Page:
Although it is a fact that a greater number of Americans are now on some form of healthcare insurance coverage, the bigger picture is hardly as rosy. The situation can be best described as one where quality has been compromised over quantity, meaning that although more people have insurance, they just don’t have enough of it. Many insurance options available to people don’t cover even the most basic medical needs.
The statistics are not providing a better picture either. According to researchers, the year 2018 saw around 45% of adults in the working age bracket to be underinsured with some not having any kind of insurance at all (at least temporarily during the year). That’s 87 million people right there, people who had to suffer from uncertainty stemming from not having adequate insurance cover.
It is interesting to note that this trend in health insurance has remained the same ever since 2010, a fact which might come as a shock to many considering the US healthcare policy has seen dramatic shifts in these years. For example, after the Affordable Care Act came into enactment back in 2010, with key provisions in force four years after that, 20 million Americans were brought into the insurance coverage net, mostly those who either did not have any form of insurance either from private sources or from an employer.
But the fact that millions of people finally have access to health insurance does not mean they are living stress-free when it comes to seeking medical help. In fact, many people avoid paying a visit to the doctor, even if they have insurance, simply because of the high out-of-pocket costs, and those who are unable to avoid such a visit must struggle with paying off the expenses over time.
Some More Statistics
According to the results of this study, it was found that the majority of Americans below the age of 65 were covered under health insurance schemes being offered by their employers. Of that age cohort, around a quarter opted for other options like Medicaid or insurance packages available in the marketplace. However, back in 2014 those who were covered under some form of insurance, 23% said that they were underinsured. This percentage has gone up to 29% in 2018.
But that’s not the most alarming. As part of the same study, respondents who had reported being underinsured were asked to report the frequency with which they were seeking care. 41% of all respondents revealed that they had postponed seeking care at some point during the year, 23% had not sought care at all even though they needed it, and 25% revealed that financing the medical bills was a point of concern for them.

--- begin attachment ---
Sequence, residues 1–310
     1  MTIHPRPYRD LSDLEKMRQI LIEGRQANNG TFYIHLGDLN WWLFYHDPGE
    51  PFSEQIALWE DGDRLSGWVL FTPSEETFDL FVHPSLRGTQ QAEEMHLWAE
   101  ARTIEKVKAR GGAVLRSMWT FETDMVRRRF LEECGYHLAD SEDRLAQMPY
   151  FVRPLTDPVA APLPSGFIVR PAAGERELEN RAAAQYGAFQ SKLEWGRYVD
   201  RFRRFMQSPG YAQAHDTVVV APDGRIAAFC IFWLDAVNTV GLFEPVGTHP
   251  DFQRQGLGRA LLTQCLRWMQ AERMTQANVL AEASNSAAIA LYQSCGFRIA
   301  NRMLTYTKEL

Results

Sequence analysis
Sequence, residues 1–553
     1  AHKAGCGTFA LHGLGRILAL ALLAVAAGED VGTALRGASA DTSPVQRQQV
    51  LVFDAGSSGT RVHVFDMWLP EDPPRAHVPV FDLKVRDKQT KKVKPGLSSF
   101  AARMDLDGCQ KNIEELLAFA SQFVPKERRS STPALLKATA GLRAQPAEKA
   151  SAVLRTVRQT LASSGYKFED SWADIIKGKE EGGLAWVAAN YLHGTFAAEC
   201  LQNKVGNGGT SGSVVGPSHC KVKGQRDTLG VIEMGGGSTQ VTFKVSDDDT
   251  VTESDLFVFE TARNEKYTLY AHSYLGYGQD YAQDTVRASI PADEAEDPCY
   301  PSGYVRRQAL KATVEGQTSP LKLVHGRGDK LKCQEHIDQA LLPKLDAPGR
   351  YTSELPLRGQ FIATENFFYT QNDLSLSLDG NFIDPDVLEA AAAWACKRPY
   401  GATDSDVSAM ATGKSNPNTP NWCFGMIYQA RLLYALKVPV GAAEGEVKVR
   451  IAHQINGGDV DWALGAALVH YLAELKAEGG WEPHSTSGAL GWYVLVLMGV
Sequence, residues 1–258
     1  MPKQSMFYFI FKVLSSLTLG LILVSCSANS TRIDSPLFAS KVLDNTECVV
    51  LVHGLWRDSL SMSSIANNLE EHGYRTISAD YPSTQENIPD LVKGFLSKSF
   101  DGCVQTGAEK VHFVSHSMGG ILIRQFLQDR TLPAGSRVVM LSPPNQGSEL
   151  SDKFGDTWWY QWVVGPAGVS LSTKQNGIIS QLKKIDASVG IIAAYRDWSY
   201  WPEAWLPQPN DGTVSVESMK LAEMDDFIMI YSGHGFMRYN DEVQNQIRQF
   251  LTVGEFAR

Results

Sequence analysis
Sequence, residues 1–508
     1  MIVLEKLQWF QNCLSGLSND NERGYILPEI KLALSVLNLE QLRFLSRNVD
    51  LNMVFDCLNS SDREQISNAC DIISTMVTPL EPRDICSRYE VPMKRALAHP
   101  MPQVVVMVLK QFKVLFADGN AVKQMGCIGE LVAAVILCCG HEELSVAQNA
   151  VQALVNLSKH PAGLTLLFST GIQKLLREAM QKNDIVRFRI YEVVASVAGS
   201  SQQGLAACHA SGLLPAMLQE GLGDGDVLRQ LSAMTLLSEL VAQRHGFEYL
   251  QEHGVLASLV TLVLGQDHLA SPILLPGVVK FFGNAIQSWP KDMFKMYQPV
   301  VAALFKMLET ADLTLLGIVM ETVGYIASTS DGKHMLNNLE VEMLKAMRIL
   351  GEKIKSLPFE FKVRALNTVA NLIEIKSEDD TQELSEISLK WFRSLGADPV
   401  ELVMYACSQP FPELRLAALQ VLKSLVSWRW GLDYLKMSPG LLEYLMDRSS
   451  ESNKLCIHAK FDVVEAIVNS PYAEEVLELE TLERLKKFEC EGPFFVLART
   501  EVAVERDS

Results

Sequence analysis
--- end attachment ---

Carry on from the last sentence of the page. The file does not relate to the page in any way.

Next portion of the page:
What’s Causing This?
Although it is easier to assume that the blame rests with the ACA since it was after its enactment that insurance coverage became affordable for a greater number of people, but that is not why people have become underinsured. According to this study, the real culprit is the employer-based plans. Due to the rising costs of healthcare in the US, employers have been shifting the burden on the employees by asking them to pay higher premium costs or offering plans which come with much higher deductibles than before.
Even though the proportion of people who are underinsured stands at 42% in the case of those with individual plans and 28% with employer-based plans, if growth rates are compared between the two categories from 2010 to 2018, the people on employer-based plans have increasingly become more underinsured over time compared to those on individual plans.
What’s the Solution?
There have been efforts to bring more people on employer-based coverage plans, but considering the statistics above, that is clearly not the solution. Employer-based plans are slowly becoming increasingly inadequate at providing coverage to people, which means that other measures must be taken by policymakers, such as reducing the overall healthcare costs which are impacting the entire healthcare industry, including insurance costs.